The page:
Baby name consultation: Short+sweet, easy to pronounce, Celtic feel

Caitlin and her husband are compiling name ideas for a future baby (they’re not currently expecting), which is a really fun kind of consultation to work on! Their current children are:

Liam Christopher (“I have loved the name Liam since I was 10 (and apparently so had every other woman that gave birth in 2014!) and always wanted to use it if I ever had a little boy. I almost balked because it had gotten so popular but in the end knew I would regret not using it. He is a Liam through and through! Christopher is my husband’s first name.”)

Clare McKenna Constance (“My husband and I happened to be married on St. Clare’s feast day and the 800th anniversary of the founding of the Poor Clares. We then honeymooned in Ireland where we thought how cool it would be to use a geographic, Irish name somehow, so our girl’s first name is for both St. Clare and County Clare. McKenna is my maiden name that I have long thought of using as a middle. My husband and I liked that our first boy has a name from him and our first girl has a name from me. Constance was a last minute addition. My Grandmother (first name Constance) passed away while I was pregnant with Clare. It is also a strong family name as I additionally have an aunt and cousin named Constance. Her 3 names suit her very well as she is full of personality and a red head to boot! We joke that 2 names would not have been enough to contain all that is Clare! We are not big on nicknames but we often use her full name as a sort of nickname.”)

You all know how I feel about Irish names!! I love Liam and Clare together, and I love their name stories!

Caitlin writes,

First of all, we are not currently expecting but if and when we do have more children we are pretty stumped. Our son and daughter have “the” boy and girl names so it’s been very hard to find other names that fit just as well … It has taken naming two children to see that we do have a bit of a naming style. We seem to like “short and sweet” (ideally 1-2 syllables and not too long letter wise), easy to pronounce names. We definitely prefer “softer”, not-harsh sounding names. We like nicknames in theory but in practice prefer to name our children what we plan on calling them. I go almost exclusively by Cait and my husband by Chris so we rarely hear the sound of our full first name! I am from 2 large Irish American families and definitely tend to be drawn to Gaelic/Celtic/Anglo style names but that is not a requirement. My husband is son to 2 first generation Italian immigrants but we are not drawn to most Italian/Latin/Spanish sounding names. We like to use the middle name as an honorific. We probably would not use a top 5 first name unless we LOVED it, like we did Liam.

There are a couple of things we like in theory but not so far in reality, like nicknames. We also like the idea of flower names for a girl but don’t actually like a lot of the shorter flower names and/or they are too popular. We would also like to use a girl’s name that would honor Our Lady but are not big fans of most Mary/Mari/Maria names. Despite that, the idea of using a name like “Marigold” (as it means “Mary’s Gold”) in the middle spot is actually growing on me. It feels a little indulgent for our style but I think it could be anchored by a more familiar first name. One thing I would like to hear your thoughts on, if anything comes to you: we as a family have a devotion to Our Lady under the title “Star of the Sea” or Maris Stella and would like to somehow use a name that is a nod to that. As I mentioned we don’t love most “Mari” names (there are also just sooo many “Mary-Something”/Marias between my Irish family and his Italian family) and don’t like the name Stella very much. I wouldn’t be opposed to using “Maristella” as a middle but again, it just seems a little too extravagant for us. Is there any way you can think of that could reference this title of Our Lady without actually using either word?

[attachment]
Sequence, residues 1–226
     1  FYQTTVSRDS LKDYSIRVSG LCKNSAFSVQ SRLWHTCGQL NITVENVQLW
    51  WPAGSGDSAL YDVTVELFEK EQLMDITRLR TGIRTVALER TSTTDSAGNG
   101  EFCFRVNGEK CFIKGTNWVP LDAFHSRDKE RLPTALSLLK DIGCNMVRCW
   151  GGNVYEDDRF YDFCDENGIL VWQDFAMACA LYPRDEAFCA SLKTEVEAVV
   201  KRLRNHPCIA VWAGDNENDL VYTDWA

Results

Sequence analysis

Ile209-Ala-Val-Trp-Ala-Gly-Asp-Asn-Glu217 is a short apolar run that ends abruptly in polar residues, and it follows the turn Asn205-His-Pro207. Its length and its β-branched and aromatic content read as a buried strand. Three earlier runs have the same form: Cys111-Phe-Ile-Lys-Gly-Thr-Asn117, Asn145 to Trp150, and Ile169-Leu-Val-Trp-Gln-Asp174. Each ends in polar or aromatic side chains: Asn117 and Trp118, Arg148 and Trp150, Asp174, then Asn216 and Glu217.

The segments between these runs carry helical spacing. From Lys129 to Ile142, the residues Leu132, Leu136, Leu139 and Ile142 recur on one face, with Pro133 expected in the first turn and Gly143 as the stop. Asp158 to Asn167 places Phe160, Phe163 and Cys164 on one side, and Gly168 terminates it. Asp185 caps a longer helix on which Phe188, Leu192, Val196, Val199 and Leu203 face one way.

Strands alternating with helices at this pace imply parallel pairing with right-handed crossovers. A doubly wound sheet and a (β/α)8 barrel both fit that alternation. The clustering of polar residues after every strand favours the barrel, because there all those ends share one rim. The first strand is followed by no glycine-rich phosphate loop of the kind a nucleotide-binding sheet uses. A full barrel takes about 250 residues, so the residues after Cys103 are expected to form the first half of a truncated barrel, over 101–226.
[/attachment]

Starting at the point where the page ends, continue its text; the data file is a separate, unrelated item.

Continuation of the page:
On to some lists!

Names we do like, for inspiration:
Girls: Lucy, Chloe, Ruby, Zelie, Gemma, Nora, Isla
Boys: Eamon, Ephraim, Finn (probably my favorite but my husband has a hopeless association with a very silly golden retriever named Finn), Jude, Theo, Oliver

Names we do like but can’t use:
Girls: Brigid, Lily(we just know too many!), Alice
Boys: Asher, Milo, Colm (just a little to clunky to say, I wish it wasn’t!), Calum, Leo (too close to Liam)

Names we dislike OR Family names we can’t repeat:
Girls: Joanna, Sophia, Audrey, Catherine or any variant, Anne, Lauren/Laura, Theresa/Therese, Julie , -ianna names (Gianna, Lillianna, etc etc)
Boys: Samuel, Connor, Matthew, Patrick, Andrew, Noah, Jonah, Ryan, Neil, Nathan, Juian, Stephen

Past and Present Pet’s names we obviously can’t use 😉
Reily, Lacey, Fiona, Bailey

Saints we would honor, likely in the middle spot somehow:
Joseph( also a big family name/my husbands middle name and I love Josephine as a girl middle), Nicholas, Anthony, Bernadette, Raphael, Pius, St. Therese, Rocco, Benedict, Bruno, Therese of Lisieux, Francis, Laurence, Our Lady